TPI Composites

By Barney Smith

TPI Composites makes composite blades for wind turbines, just the blades, not the whole turbine. It claims it is the only “ US-based independent manufacturer of composite wind blades with a global footprint”. The company’s headquarters are in Scottsdale, Arizona and it operates factories in the U.S., China, Mexico, Turkey and India –global enough for me. It also runs additional engineering development centres in Denmark and Germany.  Despite the challenging environment driven by COVID-19, with its attendant short-term manufacturing disruptions, the company delivered better than planned results for the first quarter of this year, ending 31 March 2020, growing net sales by 19 per cent. By comparison with a net loss of $12.1 million in the same period in 2019, there was a greatly reduced net loss of $0.5 million. Even so, this loss largely reflects reduced production levels at the manufacturing facilities in China in the first quarter, say approximately $9 million, net of around $2 million of income taxes. All this due to the virus and the lockdown.

According to the website, the President of TPI commented “Notwithstanding the problems driven by COVID-19, the demand for wind energy remains strong and we remain encouraged by our long-term prospects. Wind energy remains one of the most cost-effective sources of energy and TPI is at the forefront of this shift to renewable energy given our strategic role in the wind energy supply chain.” Provided that demand remains strong, the expectation would be that any reduction in wind power installations in 2020 would only be a delay, resulting in a spill-over into 2021.

 The annual report tells us that TPI’s manufacturing facilities in China have resumed their operations after an extended Spring Festival holiday due to the COVID-19 outbreak.

TPI’s Indian manufacturing facility located in Chennai, Tamil Nadu, a relatively new investment, has slowly begun to resume operations (like other renewables there) but with rather limited production levels of only 25-30 per cent as India’s lockdown measures have started to ease for key industrial sectors.

Image by Steppinstars from Pixabay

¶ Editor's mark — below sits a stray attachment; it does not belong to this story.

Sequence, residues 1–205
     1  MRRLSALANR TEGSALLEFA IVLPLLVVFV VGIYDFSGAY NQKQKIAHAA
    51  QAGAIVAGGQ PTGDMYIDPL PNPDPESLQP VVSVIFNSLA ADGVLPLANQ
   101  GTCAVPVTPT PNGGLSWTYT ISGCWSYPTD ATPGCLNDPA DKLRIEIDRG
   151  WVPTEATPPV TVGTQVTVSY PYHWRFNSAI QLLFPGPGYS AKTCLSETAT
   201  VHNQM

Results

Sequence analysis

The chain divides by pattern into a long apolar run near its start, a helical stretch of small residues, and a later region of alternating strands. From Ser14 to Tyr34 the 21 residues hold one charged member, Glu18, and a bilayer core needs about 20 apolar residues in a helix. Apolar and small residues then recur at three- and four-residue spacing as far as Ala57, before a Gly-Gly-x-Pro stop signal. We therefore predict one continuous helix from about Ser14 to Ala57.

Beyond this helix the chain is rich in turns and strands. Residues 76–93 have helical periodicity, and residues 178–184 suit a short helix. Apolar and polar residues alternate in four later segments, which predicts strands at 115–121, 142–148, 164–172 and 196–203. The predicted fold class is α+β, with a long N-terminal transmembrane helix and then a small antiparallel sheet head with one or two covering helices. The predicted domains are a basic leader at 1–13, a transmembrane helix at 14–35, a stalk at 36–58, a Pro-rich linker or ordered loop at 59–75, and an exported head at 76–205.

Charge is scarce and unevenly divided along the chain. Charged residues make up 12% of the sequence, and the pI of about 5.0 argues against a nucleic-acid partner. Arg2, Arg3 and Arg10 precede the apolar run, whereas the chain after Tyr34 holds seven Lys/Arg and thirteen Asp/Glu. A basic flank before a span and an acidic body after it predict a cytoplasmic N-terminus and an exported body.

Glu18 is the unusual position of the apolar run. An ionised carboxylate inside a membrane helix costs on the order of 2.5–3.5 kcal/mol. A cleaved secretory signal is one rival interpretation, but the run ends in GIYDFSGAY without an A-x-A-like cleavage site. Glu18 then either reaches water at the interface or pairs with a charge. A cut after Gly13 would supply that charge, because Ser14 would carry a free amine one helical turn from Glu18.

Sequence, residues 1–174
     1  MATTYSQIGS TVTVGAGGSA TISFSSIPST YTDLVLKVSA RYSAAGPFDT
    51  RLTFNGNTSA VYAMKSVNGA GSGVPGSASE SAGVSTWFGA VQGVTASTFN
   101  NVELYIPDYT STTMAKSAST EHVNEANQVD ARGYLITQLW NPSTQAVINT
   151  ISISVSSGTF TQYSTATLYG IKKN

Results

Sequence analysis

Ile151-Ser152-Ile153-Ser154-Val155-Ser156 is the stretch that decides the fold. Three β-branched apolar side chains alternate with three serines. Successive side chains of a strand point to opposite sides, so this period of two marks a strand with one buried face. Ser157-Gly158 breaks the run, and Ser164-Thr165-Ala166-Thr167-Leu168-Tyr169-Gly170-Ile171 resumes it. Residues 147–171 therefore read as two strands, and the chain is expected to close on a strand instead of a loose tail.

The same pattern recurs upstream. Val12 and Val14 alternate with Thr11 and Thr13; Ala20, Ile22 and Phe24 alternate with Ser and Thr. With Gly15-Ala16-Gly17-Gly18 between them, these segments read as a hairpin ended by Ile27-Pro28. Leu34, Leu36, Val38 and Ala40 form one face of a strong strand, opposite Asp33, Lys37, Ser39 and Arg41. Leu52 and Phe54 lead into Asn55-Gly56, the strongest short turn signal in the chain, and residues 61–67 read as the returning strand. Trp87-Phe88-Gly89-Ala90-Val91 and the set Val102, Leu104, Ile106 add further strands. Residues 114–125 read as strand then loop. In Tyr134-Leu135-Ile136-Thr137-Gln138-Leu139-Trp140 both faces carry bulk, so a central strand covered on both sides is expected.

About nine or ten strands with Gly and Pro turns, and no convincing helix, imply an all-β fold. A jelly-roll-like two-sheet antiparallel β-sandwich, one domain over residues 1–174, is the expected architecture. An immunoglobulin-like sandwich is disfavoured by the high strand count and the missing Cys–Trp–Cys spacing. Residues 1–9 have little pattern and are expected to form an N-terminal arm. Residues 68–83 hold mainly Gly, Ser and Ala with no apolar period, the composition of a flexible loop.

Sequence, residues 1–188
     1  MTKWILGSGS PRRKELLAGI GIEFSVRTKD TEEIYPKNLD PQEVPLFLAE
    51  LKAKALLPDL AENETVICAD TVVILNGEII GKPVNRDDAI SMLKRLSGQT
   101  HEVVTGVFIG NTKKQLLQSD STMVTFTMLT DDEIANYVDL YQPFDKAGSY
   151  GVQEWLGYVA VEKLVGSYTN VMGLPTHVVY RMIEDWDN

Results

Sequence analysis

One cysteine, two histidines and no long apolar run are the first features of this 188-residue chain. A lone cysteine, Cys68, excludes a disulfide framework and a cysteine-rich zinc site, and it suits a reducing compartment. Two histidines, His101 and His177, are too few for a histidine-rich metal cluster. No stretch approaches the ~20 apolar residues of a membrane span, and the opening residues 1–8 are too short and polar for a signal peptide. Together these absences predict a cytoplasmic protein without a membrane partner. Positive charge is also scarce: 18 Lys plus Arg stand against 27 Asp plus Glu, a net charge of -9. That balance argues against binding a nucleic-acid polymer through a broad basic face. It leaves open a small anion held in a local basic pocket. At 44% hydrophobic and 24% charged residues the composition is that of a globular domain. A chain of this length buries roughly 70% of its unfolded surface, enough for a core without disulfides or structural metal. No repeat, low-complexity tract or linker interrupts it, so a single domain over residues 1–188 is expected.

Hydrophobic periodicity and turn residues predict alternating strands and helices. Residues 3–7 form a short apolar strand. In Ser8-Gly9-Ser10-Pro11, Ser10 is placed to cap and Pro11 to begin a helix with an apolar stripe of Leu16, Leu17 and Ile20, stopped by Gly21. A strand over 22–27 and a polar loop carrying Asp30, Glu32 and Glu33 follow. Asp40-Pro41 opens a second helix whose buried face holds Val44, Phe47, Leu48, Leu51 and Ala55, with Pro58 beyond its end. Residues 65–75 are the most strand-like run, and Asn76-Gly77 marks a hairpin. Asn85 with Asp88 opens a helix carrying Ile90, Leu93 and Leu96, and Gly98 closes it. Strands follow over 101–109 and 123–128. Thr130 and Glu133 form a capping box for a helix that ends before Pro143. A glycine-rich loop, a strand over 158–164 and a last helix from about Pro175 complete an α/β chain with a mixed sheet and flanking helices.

In Turkey, TPI operated its manufacturing plant in Izmir during the first half of April with approximately 50 per cent production capacity following a Turkish  government request, from a desire  to stem the spread of the virus. Due to global supply chain disruptions, the plant in Turkey was also affected by the shortage of blade core materials and approximately two weeks of production will be lost in Q2 2020. The expectation is that the resulting loss of sales will negatively affect working capital in Turkey in Q2.

As of today, Mexico remains the biggest challenge.  The Company is currently operating the Matamoros facility at approximately 50 per cent capacity and may be required to continue to run at a reduced capacity for some time. All of the four factories in Juarez facilities are now temporarily shut down due to the “sanitary emergency” and lack of clarity around what constitutes an “essential” business.  TPI expects that blade production in the second quarter will accordingly be significantly negatively affected.

One of the company’s US facilities, at Rhode Island, has not been affected by the crisis, but the other facility, in Newton, Iowa, was shut down on 23 April because of the increase in the number of COVID-19 diagnoses in surrounding counties, including colleagues who worked at the plant. On 4 May it restarted operations with limited production, implementing a mandatory COVID-19 testing programme for all new Iowa employees.

Perhaps somewhat unexpectedly, the temporary shutdown of factories in Mexico and Iowa has had the effect of actually increasing inventory levels, but it is expected that raw material suppliers will be affected by the virus. A tight supply of core materials will continue,  due to the lockdown in Ecuador, a major exporter of balsa wood, a key component in turbine blades.  

But, given the prospects, perhaps the real question is why they did not make more money in Q1 2020? Are they being squeezed by the end producers? Is there some price inelasticity here? At all events, we have to hope that a healthier profit picture is to come.

By | 2020-06-08T18:30:15+00:00 June 9th, 2020|Wind|Comments Off on TPI Composites